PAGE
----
Participants will increase their awareness and understanding of the importance of the national mammal, the American bison to indigenous cultures (from the end of the Ice Age to contemporary time), ecosystems of the northern plains, and modern efforts to reintroduce and conserve Buffalo herds in North America. Through lectures, documentary film, interaction with professional environmental and ecological scientists, field experience at the site of the last wild bison hunt, enjoying bison meals, and interacting with Native American cultural experts, as well as farming/ranching, and Land Management professionals participants will become more knowledgeable and able to communicate with their students in the classroom about historical, cultural, and ecological aspects of the American bison.
In the North Dakota Heritage Center & State Museum. Skeletons of Bison latifrons and Bison antiquus are exhibited and will be featured in tours and short programs from presenters, museum interpreters will be escorting attendees through several exhibits that showcase a rich Native American and buffalo history. Clothing examples, artifacts, displays and hands-on opportunities will highlight the visit. Videos and audio utilized in these exhibits will help participants appreciate the environment and lives of Plains tribes and the value the bison has on us all.
Elder Jon Eagle Sr. is the Tribal Historic Preservation Officer- Standing Rock Sioux Tribe will present oral historical documentation of Bison Origins
Dan Flores will highlight segments of his book American Serengeti that detail "Why Bison Matter?"
Dr. Duane Froese, Canada Research Chair in Northern Environmental Change, studies environmental change in northern Canada and Alaska, will make sense of bison arrival in North America.
Dakota Goodhouse, an enrolled member of the Standing Rock Sioux Tribe, and Native American Studies instructor at United Tribes Technical College will connect primary sources including winter counts, cultural, historical and geographical knowledge to the emergence of bison and the significance of White Buffalo Calf woman, jumps, and the Buffalo Society to the Lakota.
The afternoon of the first day will include panel discussions by experts including Andrew C. Isenberg, Hall Distinguished Professor of American History, University of Kansas, who specializes in Environmental History, North American West, Borderlands, and Native Americans. Dr. Isenberg in his book The Destruction of the Bison,“ clarifies the encounter between the Old and New Worlds that led to the destruction of the bison and how it appears to be a simple matter: Indian and Euroamerican hunters pushed the species to the brink of extinction for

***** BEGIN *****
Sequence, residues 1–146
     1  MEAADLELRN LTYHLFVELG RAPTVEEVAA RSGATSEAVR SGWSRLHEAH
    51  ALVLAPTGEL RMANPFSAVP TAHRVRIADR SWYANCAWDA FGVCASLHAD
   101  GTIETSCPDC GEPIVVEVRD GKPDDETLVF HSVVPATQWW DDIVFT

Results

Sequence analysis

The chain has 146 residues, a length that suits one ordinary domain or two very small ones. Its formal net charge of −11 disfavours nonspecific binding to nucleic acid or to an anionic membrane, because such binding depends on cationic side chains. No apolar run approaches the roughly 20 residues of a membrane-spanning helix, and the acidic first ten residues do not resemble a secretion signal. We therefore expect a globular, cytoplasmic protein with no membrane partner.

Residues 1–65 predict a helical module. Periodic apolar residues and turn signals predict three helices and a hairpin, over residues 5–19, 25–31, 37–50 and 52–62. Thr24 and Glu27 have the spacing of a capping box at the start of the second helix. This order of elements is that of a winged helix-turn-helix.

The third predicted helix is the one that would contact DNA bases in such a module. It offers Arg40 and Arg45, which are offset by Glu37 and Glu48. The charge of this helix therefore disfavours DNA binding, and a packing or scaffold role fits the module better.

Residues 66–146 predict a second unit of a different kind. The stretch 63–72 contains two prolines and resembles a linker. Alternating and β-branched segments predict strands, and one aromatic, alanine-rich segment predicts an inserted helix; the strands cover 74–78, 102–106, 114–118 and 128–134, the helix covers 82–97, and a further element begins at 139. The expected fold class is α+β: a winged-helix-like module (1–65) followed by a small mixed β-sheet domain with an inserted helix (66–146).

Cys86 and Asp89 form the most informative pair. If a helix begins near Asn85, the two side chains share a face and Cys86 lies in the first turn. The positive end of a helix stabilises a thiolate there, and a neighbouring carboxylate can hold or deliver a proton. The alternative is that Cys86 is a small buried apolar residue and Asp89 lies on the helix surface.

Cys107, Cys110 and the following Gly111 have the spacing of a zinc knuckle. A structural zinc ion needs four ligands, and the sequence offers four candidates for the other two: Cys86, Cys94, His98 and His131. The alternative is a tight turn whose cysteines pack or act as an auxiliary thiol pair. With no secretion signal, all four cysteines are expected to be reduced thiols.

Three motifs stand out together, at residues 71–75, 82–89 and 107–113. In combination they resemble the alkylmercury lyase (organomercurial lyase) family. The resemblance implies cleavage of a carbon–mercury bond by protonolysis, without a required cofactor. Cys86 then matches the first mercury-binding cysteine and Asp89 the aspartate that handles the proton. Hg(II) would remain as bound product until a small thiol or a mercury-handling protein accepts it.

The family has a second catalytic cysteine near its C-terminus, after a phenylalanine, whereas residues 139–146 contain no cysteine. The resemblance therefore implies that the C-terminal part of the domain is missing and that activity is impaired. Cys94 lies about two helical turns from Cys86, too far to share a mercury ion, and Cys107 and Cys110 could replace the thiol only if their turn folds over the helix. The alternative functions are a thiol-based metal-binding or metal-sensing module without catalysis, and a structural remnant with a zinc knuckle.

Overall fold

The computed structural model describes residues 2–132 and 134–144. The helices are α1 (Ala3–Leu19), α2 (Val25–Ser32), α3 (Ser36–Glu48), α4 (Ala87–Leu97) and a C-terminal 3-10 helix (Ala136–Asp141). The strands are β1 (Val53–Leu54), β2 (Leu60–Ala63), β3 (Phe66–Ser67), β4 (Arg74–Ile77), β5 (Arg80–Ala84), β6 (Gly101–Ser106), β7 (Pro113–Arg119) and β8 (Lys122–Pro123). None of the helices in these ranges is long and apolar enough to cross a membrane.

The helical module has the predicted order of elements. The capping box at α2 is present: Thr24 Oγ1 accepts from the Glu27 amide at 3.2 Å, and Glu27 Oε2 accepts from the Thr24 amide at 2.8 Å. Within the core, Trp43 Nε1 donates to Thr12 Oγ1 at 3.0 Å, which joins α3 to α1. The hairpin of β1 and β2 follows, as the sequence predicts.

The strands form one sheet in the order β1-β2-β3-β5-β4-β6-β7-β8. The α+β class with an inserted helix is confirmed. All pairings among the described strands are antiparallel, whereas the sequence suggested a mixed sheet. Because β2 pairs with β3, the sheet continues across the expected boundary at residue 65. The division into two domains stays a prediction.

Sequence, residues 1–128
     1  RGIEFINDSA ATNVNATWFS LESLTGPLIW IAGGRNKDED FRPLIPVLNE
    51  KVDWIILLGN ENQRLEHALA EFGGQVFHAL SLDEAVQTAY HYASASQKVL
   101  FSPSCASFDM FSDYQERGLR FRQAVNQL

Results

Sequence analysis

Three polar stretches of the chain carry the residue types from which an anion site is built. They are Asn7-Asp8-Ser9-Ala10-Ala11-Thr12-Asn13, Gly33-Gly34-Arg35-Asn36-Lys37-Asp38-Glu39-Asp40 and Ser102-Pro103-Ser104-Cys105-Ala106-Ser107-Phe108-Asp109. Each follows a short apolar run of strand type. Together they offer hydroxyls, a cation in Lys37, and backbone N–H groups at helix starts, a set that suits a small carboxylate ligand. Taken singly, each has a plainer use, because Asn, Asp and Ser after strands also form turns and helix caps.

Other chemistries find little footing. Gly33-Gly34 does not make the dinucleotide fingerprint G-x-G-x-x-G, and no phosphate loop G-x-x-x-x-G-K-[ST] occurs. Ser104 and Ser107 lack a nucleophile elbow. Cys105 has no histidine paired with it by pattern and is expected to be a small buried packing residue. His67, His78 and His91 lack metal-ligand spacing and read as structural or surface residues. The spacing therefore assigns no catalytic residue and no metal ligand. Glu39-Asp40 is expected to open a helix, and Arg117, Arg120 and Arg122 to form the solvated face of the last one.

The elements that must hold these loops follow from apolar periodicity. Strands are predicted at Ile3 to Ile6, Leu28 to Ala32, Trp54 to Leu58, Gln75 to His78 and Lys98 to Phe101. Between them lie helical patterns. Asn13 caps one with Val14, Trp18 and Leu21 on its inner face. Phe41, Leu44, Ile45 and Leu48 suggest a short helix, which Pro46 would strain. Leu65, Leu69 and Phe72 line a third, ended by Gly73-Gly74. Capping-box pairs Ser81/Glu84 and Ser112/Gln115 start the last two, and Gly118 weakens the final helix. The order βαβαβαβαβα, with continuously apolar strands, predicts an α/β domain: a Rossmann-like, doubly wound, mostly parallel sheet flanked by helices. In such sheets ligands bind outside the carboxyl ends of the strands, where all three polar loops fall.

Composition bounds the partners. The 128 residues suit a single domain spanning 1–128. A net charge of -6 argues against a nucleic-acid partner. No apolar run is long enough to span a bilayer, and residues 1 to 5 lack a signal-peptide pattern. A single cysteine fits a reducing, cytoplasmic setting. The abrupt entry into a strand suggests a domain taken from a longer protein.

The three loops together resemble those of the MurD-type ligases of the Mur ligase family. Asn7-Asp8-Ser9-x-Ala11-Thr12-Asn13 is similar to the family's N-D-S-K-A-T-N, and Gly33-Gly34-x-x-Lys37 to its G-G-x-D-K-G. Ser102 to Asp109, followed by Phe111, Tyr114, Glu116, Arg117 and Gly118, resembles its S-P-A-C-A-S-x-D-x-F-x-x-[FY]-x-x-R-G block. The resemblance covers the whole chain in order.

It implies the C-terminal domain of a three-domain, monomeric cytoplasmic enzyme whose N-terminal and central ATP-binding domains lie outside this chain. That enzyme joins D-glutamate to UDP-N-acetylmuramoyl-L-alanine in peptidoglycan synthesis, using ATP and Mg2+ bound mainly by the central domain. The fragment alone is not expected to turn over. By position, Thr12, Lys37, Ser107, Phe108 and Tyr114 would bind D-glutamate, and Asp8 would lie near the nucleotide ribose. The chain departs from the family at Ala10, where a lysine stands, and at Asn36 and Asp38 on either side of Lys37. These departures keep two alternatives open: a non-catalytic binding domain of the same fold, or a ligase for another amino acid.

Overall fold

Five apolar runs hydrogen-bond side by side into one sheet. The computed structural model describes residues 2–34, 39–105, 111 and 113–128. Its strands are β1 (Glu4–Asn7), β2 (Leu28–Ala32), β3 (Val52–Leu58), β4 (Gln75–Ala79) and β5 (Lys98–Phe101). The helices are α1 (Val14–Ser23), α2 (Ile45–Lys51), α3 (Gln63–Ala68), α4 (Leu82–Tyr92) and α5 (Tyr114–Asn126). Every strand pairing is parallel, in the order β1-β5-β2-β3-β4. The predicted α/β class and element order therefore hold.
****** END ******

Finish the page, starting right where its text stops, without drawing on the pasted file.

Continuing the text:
commercial profit. In the nineteenth century, they slaughtered millions of bison and brought to market the animals’ hides, meat, tongues, and bones. Like other environmental catastrophes in the American West . . . the destruction of the bison was, in part, the result of the unsustainable exploitation of natural resources.”
While others help learners recognize that the destruction was not complete. Panel discussion on the Department of Interior's Long-Term Initiative to Conserve the American Bison to tribal and federal lands and in the issues, positive and negative, of restoring bison to the West.
The final discussion of the day, the healthy benefits of the return of the bison to Indian communities will be led by Donald Warne, MD, MPH is the Associate Dean of Diversity, Equity and Inclusion as well as the Director of the Indians Into Medicine (INMED) and Master of Public Health Programs, and Professor of Family and Community Medicine at the School of Medicine and Health Sciences at the University of North Dakota. Dr. Warne is a member of the Oglala Lakota tribe from Pine Ridge, SD and comes from a long line of traditional healers and medicine men. He received his MD from Stanford University School of Medicine and his MPH from Harvard School of Public Health.
Part of the evening program will be the screening of the documentary film, Bring Them Home, and Short Fiction Film: Iniskim, with introduction and Q&A by filmmaker Daniel Glick and Blackfeet Tribal Member Ervin Carlson. The documentary is an intimate look at the only indigenous tribal-led buffalo drive in North America. Bring Them Home follows members of the Blackfeet Nation as they experience the power of the American bison while driving their herd through rough terrain and hostile weather to their winter pasture – a rare ritual of stewardship that brings hope for a modern-day cultural rebirth. The second film, Iniskim, is a short fiction film
about a young woman's experience on the drive and how it begins to heal her. It was nominated for 3 Emmys and won one.
some bison elements in the 8th grade North Dakota Studies materials, People Living on the Land
Evaluation and Evidence of Learning and Application: *
A composition describing how the experience, knowledge gained, insights into indigenous thought and expression can impact the lessons, programs, interactions with students. What concepts surprised you? How will you utilize materials? and what will you change what you present in your classroom?